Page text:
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Missouri: Lake of the Ozarks State Park|
Posted on Saturday, January 20 @ 23:00:00 CST by iljiana
P.O. Box 170
Kaiser, MO 65047
(573) 348-6670 Stables
Enjoy the solitude of an undeveloped cove, hidden along the
shorelines of one of Missouri's largest lakes, Lake of the Ozarks. The
17,441-acre Lake of the Ozarks State Park offers this opportunity,
along with a variety of recreational activities on the lake or on shore.
On shore, hikers, backpackers, equestrians and bicyclists can use
one of 12 trails that wind through oak-hickory forests and sunny glades
and offer bluff-top views of the lake. Or visitors can take a guided
tour of Ozark Caverns, best known for a formation of stalactites and waterfalls known as "Angels' Showers."
Water enthusiasts can make use of the park's two swimming beaches or
rent a boat at one of the park's marinas. Necessary supplies for a day
of fishing or fun on the water can be found in the park stores.
Year-round accommodations for overnight guests include more than 230
shaded campsites, ranging from primitive to those with electric
hookups. Campground amenities include modern restrooms and laundry
facilities. Eight camper cabins offer a rustic lodging experience.
Lake of the Ozarks State Park's natural beauty remains untouched,
yet visitors are just minutes away from shopping, restaurants and a
variety of entertainment options.
Missouri’s largest state park at 17,442 acres, Lake of the Ozarks
State Park, exemplifies many of the natural features associated with
the northwestern Ozarks where it is located. Though the man-made lake
stands out prominently with more than 80 miles of lake frontage within
the park, observant hikers will detect more subtle influences of water
on the landscape. Lake of the Ozarks State Park has much to offer in
the way of natural diversity and its trails can guide you to arid
glades, lush fens, beautiful wildflowers and blufftop vistas.
Over thousands of years, the cutting action of the Grand Glaize
Creek (now the Grand Glaize Arm of the Lake of the Ozarks) has exposed
sheer picturesque bluffs along its course. Rocky, highly eroded
hilltops form scenic glades with few trees. An unusual array of
drought-adapted plant and animal life can be found here, including
yellow coneflowers that are found in the Missouri Ozarks, but,
according to the most recent records, nowhere else in the world.
Surface waters slowly filtering through the underground cracks and
joints are responsible for creating large, water-filled chambers. As
these chambers were later drained by the downcutting streams, more than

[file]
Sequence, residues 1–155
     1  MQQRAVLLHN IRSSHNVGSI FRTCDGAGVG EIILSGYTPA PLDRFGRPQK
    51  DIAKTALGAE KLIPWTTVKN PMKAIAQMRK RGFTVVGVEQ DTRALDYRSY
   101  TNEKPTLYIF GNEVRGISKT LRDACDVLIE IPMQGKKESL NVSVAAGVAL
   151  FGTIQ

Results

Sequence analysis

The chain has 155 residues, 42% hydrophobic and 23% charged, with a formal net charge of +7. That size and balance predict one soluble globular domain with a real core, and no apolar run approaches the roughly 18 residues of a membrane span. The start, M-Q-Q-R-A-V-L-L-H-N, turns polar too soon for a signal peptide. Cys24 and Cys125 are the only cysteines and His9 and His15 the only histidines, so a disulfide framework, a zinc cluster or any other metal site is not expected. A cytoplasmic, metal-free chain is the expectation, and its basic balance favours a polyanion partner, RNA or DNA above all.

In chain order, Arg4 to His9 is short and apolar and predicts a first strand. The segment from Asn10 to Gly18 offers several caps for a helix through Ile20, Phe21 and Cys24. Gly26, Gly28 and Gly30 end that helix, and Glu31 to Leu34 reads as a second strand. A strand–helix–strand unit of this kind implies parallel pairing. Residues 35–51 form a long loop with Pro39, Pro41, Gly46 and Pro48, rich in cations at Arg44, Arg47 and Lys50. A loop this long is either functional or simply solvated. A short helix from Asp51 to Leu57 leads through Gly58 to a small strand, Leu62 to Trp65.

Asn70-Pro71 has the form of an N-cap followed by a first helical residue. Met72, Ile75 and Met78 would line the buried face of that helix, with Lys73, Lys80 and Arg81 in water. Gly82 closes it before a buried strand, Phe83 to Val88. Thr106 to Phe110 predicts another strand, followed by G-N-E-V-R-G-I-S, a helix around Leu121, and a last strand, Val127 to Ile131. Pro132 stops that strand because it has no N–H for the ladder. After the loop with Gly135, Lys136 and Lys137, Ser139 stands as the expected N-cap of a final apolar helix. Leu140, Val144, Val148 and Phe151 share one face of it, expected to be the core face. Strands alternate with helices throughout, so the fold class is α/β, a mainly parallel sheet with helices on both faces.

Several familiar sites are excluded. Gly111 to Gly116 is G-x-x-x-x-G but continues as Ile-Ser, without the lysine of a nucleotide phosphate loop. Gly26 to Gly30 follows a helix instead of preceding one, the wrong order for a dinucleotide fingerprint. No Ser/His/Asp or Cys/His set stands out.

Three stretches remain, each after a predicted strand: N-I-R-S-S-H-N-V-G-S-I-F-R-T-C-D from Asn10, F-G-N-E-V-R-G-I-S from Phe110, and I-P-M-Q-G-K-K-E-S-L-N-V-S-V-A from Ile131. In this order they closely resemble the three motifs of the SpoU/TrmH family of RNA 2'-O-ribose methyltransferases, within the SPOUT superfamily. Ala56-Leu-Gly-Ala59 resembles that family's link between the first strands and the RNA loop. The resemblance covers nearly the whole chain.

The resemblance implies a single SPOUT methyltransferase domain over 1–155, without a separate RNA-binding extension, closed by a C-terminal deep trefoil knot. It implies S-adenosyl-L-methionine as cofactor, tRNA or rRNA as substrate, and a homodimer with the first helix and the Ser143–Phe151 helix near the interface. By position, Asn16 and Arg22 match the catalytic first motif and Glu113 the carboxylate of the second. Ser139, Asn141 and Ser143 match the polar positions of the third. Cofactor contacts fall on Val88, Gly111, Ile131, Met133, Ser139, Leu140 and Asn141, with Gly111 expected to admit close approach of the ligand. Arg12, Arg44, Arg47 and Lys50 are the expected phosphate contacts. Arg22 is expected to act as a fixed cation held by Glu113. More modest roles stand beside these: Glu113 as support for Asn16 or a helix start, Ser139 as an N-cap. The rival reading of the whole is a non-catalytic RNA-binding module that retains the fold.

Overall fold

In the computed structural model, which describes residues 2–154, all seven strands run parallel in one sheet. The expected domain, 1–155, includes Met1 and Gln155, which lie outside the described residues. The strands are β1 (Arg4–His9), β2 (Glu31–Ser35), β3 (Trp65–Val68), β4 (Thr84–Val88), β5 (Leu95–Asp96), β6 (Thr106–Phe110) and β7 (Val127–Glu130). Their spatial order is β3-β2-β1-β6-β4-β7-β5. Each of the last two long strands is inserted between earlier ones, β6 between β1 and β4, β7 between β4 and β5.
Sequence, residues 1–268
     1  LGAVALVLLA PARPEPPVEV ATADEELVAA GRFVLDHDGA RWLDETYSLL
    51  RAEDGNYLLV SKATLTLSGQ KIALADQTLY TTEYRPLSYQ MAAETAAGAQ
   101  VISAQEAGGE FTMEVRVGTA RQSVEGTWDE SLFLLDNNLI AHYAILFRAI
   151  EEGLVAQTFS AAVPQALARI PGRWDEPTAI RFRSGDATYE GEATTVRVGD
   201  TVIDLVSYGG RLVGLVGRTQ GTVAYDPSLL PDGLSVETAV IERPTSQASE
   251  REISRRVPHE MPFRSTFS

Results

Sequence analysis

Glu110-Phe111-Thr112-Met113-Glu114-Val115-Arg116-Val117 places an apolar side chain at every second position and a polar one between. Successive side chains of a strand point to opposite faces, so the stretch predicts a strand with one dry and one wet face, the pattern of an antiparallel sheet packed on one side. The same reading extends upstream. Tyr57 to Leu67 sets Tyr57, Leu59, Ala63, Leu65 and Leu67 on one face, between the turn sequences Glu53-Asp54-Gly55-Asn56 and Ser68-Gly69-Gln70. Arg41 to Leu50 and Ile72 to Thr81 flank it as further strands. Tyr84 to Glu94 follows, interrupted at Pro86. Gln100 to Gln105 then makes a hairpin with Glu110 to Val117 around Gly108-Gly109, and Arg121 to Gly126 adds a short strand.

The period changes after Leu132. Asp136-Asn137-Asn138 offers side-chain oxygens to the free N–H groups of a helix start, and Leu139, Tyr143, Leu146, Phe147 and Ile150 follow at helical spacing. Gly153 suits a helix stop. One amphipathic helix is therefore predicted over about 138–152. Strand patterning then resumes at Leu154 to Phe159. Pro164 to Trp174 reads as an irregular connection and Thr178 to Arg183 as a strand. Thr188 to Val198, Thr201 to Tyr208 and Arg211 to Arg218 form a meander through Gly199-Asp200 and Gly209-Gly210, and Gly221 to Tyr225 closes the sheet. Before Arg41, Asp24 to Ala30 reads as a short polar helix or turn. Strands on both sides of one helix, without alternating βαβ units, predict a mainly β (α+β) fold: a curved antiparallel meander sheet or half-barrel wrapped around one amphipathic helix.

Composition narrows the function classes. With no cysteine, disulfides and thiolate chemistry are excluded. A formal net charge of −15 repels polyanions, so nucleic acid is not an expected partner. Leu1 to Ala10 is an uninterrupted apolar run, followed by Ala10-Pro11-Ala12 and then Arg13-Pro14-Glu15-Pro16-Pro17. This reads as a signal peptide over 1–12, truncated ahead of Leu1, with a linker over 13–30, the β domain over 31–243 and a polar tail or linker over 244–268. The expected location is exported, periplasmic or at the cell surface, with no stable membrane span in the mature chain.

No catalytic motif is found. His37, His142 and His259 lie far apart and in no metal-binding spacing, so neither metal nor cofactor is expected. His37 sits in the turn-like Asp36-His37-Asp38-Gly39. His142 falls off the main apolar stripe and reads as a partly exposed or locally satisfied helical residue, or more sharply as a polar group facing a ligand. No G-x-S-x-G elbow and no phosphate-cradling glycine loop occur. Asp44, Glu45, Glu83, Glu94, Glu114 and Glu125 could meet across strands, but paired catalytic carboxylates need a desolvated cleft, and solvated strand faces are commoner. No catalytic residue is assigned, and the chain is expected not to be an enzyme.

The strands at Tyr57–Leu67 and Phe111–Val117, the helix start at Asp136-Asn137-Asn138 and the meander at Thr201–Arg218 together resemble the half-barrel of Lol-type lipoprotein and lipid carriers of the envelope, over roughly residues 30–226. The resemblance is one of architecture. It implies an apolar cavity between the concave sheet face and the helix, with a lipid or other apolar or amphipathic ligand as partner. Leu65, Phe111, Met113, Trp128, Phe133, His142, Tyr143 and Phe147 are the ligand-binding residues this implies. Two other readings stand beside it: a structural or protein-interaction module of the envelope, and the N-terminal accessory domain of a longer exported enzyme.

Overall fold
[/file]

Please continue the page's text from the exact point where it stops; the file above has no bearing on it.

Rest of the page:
15 known caves were exposed.
The natural wonders of the park can be found in the Patterson Hollow Wild Area and Coakley Hollow Fen Natural Area.
PATTERSON HOLLOW WILD AREA
Part of the Lake of the Ozarks State Park south of Highway 42 and
west of Highway 134 has been designated as Patterson Hollow Wild Area.
This 1,275-acre area possesses nice stands of oak-hickory forest that
provide warm blazes of color during the autumn months. A patchwork of
old fields and pastures in various stages of succession also can be
found. The spring dogwood display is particularly impressive.
Drainage from the Patterson Hollow bisects the wild area, but flows
only after heavy rains. Small springs and seeps along its course form
clear perennial pools in the streambed that are great for wading on a
hot summer day. Small fish such as the southern redbelly dace and
stippled and orange throat darters (males of all three species are
quite colorful in the spring), creek chub and stone rollers can be
found in these pools. Hikers occasionally will startle green herons
that feed on these fish.
Other wildlife in the wild area includes deer, wild turkey, pileated woodpeckers, red-tailed hawks and American woodcocks.
This quiet wild area can provide a wonderful experience for those
interested in observing nature or in seeking the peacefulness of a few
hours of solitude.
COAKLEY HOLLOW FEN NATURAL AREA
This four-acre natural area
features a swampy, spring-fed meadow, seeps and a spring branch along
Coakley Hollow. The natural area also features a fen, which is an area
with a constant supply of cool, mineralized water seeping to the
surface. Because of the seepage, plants and animals living here must be
adapted to saturated soils. The fen community is made up of shrubs and
herbaceous plants, many of which are normally found growing several
hundred miles north. A trail and boardwalk provide access to the fen.
All trails in Lake of the Ozarks State Park open for public use are
identified with entrance signs and marked at intersections with colored
directional arrows. Occasional colored markers are used to identify
trails where the route is not clear. Trail users are advised to watch
closely for trail markers, especially where trails intersect only roads.
For more information: http://www.mostateparks.com/lakeozark.htm